[36] Id. at 22 (“The Arbitrator retains jurisdiction to . . . consider a Union petition for the award of attorney fees pursuant to the Back Pay Act.”).  

[37] See U.S. DHS, U.S. CBP, El Paso, Tex., 72 FLRA 293, 295 (2021) (CBP) (Member Kiko concurring; Member Abbott concurring) (finding the excepting party failed to identify any specific language that demonstrated that the arbitrator’s interpretation of the parties’ agreement was irrational, implausible, unfounded, or in manifest disregard of the agreement); id. at 296 (denying attorney‑fee exception as premature because the arbitrator only retained jurisdiction to consider a petition for attorney fees). 

[38] Exceptions at 6 (“The Arbitrator disregarded specific limitations . . . [by] award[ing] backpay with interest . . . .”).

[39] SSA, Off. of Hearings Operations, 71 FLRA 589, 590 n.9 (2020) (SSA) (then‑Member DuBester dissenting in part on other grounds).

[40] See id.

[41] See Exceptions at 6‑7.

[42] Award at 2 (framing the issues as whether the Agency violated the master or the local agreement by denying the grievant official time and, “[i]f so, what is the remedy?”).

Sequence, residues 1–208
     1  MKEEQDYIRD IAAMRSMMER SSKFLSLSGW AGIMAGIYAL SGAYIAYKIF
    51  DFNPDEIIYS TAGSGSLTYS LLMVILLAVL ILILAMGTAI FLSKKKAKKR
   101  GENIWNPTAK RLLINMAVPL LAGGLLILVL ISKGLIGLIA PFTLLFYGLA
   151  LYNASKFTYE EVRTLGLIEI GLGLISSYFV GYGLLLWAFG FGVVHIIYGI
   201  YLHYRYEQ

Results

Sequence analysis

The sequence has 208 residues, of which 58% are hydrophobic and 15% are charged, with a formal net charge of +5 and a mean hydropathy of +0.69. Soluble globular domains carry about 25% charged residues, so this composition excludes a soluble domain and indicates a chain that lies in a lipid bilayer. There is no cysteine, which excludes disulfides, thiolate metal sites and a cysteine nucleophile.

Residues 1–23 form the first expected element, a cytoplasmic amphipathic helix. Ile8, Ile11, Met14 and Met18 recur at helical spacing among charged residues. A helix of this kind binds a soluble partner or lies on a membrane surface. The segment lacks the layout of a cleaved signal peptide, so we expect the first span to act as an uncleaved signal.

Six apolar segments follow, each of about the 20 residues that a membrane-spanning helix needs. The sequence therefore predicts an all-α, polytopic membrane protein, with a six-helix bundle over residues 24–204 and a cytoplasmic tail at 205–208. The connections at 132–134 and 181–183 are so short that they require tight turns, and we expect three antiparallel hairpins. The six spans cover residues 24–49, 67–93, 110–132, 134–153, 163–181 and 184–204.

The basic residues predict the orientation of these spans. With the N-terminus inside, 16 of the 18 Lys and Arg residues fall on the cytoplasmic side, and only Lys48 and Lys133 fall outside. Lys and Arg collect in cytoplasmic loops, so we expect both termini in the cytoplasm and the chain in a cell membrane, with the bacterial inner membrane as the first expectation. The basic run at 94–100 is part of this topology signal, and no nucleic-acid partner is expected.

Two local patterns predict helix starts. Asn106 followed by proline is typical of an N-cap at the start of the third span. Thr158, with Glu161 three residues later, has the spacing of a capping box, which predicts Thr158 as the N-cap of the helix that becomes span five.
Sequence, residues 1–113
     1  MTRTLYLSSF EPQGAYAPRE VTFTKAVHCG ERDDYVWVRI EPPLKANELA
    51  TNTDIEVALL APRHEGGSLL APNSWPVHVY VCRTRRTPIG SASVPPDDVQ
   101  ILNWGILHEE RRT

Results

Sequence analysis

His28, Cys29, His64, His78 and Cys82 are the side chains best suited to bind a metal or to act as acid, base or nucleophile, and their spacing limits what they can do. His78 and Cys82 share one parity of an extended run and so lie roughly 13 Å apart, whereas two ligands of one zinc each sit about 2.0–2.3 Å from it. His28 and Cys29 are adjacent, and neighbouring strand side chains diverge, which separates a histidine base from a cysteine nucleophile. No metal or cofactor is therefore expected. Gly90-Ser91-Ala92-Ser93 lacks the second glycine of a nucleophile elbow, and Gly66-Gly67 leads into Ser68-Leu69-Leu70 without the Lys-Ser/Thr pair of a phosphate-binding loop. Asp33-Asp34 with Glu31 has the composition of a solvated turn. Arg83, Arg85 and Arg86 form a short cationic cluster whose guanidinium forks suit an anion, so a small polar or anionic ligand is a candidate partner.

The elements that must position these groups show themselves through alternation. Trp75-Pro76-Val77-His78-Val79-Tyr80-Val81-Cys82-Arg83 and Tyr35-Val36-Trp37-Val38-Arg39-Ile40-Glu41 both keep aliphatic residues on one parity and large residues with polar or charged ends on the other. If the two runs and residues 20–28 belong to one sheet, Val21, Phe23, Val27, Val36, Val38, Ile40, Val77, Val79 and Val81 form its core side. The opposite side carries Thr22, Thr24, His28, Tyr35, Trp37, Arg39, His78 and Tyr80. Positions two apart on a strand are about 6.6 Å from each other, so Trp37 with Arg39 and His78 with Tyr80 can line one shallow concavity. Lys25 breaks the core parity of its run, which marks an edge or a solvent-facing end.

[43] See U.S. Dep’t of VA, Nashville Reg’l Off., VA Benefits Admin., 72 FLRA 371, 374 (2021) (Member Abbott concurring) (denying exceeded‑authority exception where the remedy was directly responsive to the issues that the arbitrator adopted and framed); SSA, 71 FLRA at 590 (denying exceeded‑authority exception because the excepting party “d[id] not identify an express contractual limitation on the [a]rbitrator’s authority to provide a remedy”).  The Agency also contends that the Arbitrator lacked the authority to award eighty hours of backpay because the grievant had previously used fourteen and a half hours of official time.  Exceptions at 6.  However, this contention does not show that the Arbitrator failed to resolve an issue submitted to arbitration, resolved an issue not submitted to arbitration, disregarded specific limitations, or awarded relief to persons not encompassed by the grievance.  See AFGE, Loc. 3917, 72 FLRA 651, 654 n.39 (2022) (Chairman DuBester concurring) (denying exceeded‑authority exception because the excepting party failed to address the standard for determining whether arbitrators exceeded their authority).  Thus, we deny this exception.